Francophone Africa is home to an island country where many African startups register their headquarters. Two days ago, this country reopened its borders to vaccinated tourists, which may include people founding new companies and seeking a tax-friendly environment.
Between 2015 and 2019, startups and SMEs in francophone Africa received $417.9 million, according to Briter Bridges, a research firm. 89% of that money went to businesses domiciled in Mauritius.
While it’s a high-income economy, Mauritius has only about 1 million people which is not a huge market. So where does the real action happen in the region?
We’ll use Partech Africa’s report on venture capital funding in 2020.
Morocco ($11.2m), Senegal ($8.8m), Côte d’Ivoire ($6.5m), Algeria ($5.5m) and the Democratic Republic of Congo ($4.6m) are the top five for venture capital funding. Rounding off the region’s top ten are Cameroon, Togo, Tunisia, Benin and Mauritius (startups that operate there, not just domiciled).
The $52m raised by all ten countries combined is far less than what Nigeria, Kenya, South Africa, Egypt and Ghana raised.
Boluwatife Sanwo/TC Insights
This is where I clarify that Partech only counts equity deals that are at least $200,000 in size; such investments must be in tech or digital startups. So there could be $15k to $50k grants or loans being written for innovative food processing companies or waste recyclers that are not captured.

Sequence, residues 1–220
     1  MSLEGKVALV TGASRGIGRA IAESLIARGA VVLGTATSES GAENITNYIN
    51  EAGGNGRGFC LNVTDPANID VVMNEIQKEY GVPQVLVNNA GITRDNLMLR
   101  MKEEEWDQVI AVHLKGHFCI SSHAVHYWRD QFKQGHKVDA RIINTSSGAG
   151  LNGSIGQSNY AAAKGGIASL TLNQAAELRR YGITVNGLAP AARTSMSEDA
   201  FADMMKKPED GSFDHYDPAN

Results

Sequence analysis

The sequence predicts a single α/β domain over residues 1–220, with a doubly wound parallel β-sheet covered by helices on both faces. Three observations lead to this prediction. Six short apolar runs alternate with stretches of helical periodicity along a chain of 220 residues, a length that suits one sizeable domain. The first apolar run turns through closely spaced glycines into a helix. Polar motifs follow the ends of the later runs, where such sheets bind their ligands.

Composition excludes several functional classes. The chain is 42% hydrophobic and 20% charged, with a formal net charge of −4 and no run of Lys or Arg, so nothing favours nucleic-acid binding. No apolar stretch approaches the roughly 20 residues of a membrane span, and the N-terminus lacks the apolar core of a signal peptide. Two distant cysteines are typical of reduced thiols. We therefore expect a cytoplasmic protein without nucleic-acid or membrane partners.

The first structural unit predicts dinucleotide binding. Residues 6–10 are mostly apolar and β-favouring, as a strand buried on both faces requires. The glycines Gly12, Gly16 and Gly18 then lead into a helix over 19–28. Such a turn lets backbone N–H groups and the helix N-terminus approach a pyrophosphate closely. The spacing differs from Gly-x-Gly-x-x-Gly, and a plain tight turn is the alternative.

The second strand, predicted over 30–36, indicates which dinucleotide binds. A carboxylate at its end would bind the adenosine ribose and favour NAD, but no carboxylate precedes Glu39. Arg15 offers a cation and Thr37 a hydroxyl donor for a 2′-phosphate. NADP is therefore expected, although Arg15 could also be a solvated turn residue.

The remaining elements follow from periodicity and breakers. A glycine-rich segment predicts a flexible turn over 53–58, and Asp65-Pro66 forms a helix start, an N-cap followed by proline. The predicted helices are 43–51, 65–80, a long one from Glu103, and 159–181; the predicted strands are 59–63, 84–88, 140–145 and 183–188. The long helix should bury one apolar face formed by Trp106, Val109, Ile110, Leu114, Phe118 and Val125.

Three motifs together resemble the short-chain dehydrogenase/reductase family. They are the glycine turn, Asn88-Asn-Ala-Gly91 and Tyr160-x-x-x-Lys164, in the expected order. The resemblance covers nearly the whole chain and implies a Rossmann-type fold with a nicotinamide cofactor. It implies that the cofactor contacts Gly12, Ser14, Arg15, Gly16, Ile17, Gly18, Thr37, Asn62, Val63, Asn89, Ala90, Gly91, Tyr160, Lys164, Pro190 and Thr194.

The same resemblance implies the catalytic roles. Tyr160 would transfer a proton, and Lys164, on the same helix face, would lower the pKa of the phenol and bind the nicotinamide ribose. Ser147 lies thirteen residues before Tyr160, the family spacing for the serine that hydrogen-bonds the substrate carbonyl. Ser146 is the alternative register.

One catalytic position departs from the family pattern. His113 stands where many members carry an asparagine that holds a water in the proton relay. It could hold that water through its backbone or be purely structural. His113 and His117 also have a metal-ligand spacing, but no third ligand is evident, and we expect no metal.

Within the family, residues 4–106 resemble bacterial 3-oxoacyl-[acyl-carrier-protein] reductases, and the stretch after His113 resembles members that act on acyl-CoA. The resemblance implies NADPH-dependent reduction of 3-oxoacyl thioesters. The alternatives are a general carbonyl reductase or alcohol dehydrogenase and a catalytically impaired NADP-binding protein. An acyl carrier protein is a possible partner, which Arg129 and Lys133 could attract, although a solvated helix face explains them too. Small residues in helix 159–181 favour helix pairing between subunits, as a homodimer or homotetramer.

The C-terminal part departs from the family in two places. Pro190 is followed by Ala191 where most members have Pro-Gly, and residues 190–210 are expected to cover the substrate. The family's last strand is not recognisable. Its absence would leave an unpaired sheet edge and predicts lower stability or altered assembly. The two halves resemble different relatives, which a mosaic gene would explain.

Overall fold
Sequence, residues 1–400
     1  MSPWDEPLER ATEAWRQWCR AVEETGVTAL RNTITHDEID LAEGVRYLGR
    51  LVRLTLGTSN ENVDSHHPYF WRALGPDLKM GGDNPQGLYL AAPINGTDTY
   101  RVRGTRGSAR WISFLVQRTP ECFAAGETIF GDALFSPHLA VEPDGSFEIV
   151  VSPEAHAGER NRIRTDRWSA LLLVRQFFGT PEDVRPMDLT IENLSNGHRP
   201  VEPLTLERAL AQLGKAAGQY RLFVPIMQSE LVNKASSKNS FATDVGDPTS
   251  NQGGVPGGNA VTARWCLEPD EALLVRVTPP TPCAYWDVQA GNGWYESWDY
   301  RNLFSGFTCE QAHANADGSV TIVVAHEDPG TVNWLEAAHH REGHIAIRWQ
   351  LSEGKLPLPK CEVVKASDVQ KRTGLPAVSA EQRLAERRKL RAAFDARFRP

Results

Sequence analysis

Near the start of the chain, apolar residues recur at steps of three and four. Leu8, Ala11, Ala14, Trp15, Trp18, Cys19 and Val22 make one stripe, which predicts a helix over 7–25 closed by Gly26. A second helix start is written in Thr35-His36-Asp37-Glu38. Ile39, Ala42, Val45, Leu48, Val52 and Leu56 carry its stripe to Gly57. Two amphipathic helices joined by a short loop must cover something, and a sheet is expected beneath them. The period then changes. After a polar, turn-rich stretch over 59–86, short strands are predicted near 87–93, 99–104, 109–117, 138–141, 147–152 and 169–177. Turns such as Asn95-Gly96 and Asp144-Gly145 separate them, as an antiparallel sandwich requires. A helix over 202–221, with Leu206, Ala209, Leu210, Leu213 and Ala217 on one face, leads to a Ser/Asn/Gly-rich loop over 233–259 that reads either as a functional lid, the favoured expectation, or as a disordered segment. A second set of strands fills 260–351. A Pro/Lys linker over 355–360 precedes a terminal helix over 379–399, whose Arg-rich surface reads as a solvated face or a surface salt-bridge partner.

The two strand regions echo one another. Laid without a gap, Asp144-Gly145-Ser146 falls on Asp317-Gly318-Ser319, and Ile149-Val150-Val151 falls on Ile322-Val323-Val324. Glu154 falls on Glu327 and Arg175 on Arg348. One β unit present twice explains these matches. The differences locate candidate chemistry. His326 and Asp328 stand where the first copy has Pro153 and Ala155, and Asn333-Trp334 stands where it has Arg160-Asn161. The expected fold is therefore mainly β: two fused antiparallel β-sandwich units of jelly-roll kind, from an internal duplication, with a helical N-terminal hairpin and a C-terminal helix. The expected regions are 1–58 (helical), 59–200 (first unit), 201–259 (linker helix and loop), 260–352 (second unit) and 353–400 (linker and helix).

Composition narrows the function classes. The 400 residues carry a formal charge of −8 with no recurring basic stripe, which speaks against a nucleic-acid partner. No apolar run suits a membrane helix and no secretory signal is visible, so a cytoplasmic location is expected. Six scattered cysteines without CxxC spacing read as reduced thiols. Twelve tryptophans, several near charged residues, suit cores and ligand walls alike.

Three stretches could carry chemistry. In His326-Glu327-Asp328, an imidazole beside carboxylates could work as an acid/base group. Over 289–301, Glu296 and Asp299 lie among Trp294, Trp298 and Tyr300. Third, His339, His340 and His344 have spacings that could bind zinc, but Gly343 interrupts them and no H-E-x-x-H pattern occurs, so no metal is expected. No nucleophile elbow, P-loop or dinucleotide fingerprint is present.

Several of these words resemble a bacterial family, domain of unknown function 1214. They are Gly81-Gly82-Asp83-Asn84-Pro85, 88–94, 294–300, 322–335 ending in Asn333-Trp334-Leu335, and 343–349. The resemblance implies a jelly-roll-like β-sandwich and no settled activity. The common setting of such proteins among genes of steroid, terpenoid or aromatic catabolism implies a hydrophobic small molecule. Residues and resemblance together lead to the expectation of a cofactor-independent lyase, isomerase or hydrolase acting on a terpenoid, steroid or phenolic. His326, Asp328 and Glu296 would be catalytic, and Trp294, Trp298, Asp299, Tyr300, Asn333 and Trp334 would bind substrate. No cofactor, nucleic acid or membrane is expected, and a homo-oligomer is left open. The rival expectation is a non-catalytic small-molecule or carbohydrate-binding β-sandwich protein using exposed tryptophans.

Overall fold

That said, we can definitely say that startups in Africa’s 21 french-speaking countries trail behind the top five where tech investment is concerned.
If we exclude Morocco, Algeria and Tunisia, francophone Africa is a near 300 million market: the seven countries using the West Africa CFA franc (~125 million people), six Central African countries using the Central African franc (~55m people) and DR Congo which, at about 100 million, is Africa’s third largest country after Nigeria and Ethiopia.
[Read: A spotlight on DR Congo’s early-stage tech ecosystem]
Some startups have taken note of this relatively homogeneous culture and currency and leapt into the region.
Gozem, a ride-hailing company which also offers ecommerce services, launched in Gabon, its third francophone country, this year with eyes on Cameroon and Dr Congo. Bizao, a cross-border payment company, has stretched across 10 countries.
Djamo (founders pictured at the top of today’s edition) is building a finance app to cover the region and became the first francophone African startup to be accepted into Y Combinator. Two Cameroon-based fintech companies, Maviance and Diool, have raised at least $3m each this year for continental ambitions.
These ventures, it must be said, are the exception.
Francophone Africa is dogged by lack of clarity around regulations, language barriers and limited networking opportunities, per Briter Bridges report. Presidential power play in the DRC and an anglophone crisis in Cameroon are examples of the region’s uncertain business climate.
These concerns will take some time to quell, so maybe unicorn bells won’t ring in francophone Africa anytime soon.
But 2021 could be the region’s best funding year yet; a big french bank is set to invest in a West African francophone VC fund this year, according to a source familiar with the matter. So watch out – and maybe prepare to join my plane.